Current River Ghosts

“CURRENT RIVER GHOSTS” will entertain and tell stories for all visitors around a gravel bar campfire at the Oct. 19 Gigs and Ghosts event at Round Spring.

At 4:30 p.m. Oct. 19, Ozark National Scenic Riverways and Missouri Department of Conservation (MDC) will host an instructional gigging program for children, and traditional storytelling for all ages on the gravel bar at Round Spring.

The program is free and all are welcome to attend, but reservations are required for gigging.

MDC agents will provide an opportunity for children ages 8 to 15 to experience gigging on the Current River at Round Spring while all visitors enjoy stories from “Current River Ghosts” around a gravel bar bonfire through the evening. Space is limited on the gigging boats so interested individuals should contact Twin Pines Conservation Education Center at 573-325-1381 or to reserve a spot and receive additional information.

No gravel bar gigging session would be complete without a fish fry. Specialists from Twin Pines Conservation Education Center will be on hand to provide a sample of this traditional Ozark delicacy to visitors. Campers and visitors attending the program are also invited to participate in a pumpkin carving contest. Decorated pumpkins will be on display during the event.  

Participants should dress warmly and come prepared for enjoying the river and gravel bar after dark. Flashlights and folding lawn chairs are recommended.

Visitors who have registered to gig should gather at 4 p.m. at the lower landing at Round Spring to check in. At 4:30 p.m., the program will kick off and MDC agents will discuss gigging techniques, safety and regulations. At about 5 p.m. gigging sessions will begin as ghosts from the past make their appearance around the campfire for an evening of storytelling.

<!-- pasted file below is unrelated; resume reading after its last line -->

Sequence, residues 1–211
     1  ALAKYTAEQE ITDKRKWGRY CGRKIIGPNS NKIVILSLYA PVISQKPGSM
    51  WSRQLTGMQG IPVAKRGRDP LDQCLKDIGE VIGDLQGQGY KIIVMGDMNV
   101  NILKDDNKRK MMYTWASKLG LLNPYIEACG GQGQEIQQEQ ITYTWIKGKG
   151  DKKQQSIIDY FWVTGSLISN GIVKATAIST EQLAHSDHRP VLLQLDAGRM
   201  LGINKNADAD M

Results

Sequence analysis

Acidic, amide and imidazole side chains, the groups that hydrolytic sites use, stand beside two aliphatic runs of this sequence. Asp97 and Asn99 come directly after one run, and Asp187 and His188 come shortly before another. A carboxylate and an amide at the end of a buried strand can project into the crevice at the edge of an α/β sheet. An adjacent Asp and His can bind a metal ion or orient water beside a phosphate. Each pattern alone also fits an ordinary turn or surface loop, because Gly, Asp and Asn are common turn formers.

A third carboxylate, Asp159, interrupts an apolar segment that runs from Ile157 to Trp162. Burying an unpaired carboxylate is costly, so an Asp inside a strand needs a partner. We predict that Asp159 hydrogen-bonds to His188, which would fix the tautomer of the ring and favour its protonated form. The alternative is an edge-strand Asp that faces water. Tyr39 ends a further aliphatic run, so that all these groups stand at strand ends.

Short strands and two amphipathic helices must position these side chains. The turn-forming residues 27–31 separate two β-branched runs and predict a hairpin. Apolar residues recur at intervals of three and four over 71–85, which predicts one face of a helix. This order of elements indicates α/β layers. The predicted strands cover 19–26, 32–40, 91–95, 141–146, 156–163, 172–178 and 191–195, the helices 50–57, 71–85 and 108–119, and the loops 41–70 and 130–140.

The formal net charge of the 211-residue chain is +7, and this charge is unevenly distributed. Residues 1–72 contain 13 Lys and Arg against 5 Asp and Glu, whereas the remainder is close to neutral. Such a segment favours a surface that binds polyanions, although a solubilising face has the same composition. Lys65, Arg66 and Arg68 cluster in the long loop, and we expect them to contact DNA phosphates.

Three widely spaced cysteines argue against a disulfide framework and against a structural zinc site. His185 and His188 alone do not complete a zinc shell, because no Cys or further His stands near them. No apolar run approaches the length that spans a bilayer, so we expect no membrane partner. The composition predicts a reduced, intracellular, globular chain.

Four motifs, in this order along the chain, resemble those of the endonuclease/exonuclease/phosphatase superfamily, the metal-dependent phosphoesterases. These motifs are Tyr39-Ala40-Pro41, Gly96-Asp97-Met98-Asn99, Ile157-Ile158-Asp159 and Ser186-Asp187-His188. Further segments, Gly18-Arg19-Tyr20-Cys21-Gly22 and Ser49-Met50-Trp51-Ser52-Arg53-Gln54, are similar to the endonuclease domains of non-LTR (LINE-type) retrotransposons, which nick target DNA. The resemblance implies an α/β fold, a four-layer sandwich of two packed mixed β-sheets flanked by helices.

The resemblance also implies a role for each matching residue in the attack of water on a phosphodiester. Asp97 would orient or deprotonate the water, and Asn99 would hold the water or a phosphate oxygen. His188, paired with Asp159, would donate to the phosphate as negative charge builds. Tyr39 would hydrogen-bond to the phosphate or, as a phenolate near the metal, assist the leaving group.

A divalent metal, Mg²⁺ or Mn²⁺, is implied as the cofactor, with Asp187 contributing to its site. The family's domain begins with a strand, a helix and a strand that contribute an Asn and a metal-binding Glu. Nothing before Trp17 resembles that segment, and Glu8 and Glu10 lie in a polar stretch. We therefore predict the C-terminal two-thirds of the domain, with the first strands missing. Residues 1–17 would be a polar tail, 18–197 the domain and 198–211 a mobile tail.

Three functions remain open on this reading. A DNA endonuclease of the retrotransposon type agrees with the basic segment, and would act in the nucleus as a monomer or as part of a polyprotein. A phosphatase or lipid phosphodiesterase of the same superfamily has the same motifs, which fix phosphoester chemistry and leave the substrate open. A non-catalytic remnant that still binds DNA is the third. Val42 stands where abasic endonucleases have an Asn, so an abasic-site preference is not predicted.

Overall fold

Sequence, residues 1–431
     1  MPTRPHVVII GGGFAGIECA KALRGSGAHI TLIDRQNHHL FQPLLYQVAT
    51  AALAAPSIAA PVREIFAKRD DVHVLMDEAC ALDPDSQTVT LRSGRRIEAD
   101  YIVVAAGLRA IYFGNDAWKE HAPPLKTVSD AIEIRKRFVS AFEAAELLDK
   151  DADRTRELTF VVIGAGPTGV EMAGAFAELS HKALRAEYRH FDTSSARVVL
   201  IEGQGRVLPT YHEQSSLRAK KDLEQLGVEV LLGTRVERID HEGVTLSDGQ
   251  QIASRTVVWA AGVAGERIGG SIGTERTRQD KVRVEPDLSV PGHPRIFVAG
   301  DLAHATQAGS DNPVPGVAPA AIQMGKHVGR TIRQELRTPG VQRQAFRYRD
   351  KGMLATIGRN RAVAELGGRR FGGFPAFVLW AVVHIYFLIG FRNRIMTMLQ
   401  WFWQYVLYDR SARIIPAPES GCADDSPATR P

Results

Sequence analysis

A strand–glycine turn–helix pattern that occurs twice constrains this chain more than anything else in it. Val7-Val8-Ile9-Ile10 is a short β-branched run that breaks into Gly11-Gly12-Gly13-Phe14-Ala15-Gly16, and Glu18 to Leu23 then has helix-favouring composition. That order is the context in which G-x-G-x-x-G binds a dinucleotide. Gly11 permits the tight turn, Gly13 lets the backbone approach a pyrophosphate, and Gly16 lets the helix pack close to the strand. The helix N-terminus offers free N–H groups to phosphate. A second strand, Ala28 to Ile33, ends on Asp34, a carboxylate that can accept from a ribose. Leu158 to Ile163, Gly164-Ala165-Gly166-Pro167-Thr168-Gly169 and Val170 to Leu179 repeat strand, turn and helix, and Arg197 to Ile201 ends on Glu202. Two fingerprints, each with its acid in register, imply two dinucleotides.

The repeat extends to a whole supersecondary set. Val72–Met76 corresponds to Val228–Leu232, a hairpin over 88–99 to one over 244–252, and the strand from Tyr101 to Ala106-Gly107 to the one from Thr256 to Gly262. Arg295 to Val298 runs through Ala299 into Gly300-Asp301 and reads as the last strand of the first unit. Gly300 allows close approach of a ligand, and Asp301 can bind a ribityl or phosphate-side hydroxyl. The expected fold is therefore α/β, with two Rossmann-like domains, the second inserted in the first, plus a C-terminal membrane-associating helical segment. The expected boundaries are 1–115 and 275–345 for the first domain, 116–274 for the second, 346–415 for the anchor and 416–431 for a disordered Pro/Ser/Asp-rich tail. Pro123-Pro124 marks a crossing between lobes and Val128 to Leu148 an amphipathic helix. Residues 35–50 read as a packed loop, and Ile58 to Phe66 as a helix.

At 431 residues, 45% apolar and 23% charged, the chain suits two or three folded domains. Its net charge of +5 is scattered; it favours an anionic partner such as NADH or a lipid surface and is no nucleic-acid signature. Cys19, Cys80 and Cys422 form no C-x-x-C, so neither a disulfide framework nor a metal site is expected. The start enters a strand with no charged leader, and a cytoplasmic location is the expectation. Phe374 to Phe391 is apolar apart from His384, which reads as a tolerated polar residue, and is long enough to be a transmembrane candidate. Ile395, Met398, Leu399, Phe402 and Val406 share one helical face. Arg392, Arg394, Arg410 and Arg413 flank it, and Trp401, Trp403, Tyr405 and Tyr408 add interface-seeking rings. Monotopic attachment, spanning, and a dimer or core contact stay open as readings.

Fish gigging is a time-honored tradition on the Current River. It’s common to see boats with generators and electric lights on the river at night in the fall and early winter. Seasoned gigging veterans of the area will tell stories about gigging or “fire fishing” with pine torches and then transitioning to incandescent gas lanterns prior to the use of electric lights.

Gigging has grown from a necessity to put food on the table to a recreational sporting activity. What was once a means of survival in the Ozarks, today has become more of an opportunity for socializing and getting back to primitive outdoor skills. Whatever the motivation behind the art of gigging, it brings friends and families together to enjoy each other, good food and the beautiful Ozark rivers.  

For more information about the Gigs and Ghost program, contact Park Ranger Dave Tobey as 573-323-8093 or, visit the park’s Facebook page or website at  

Ozark National Scenic Riverways preserves the free-flowing Current and Jacks Fork Rivers, the surrounding resources, and the unique cultural heritage of the Ozark people.

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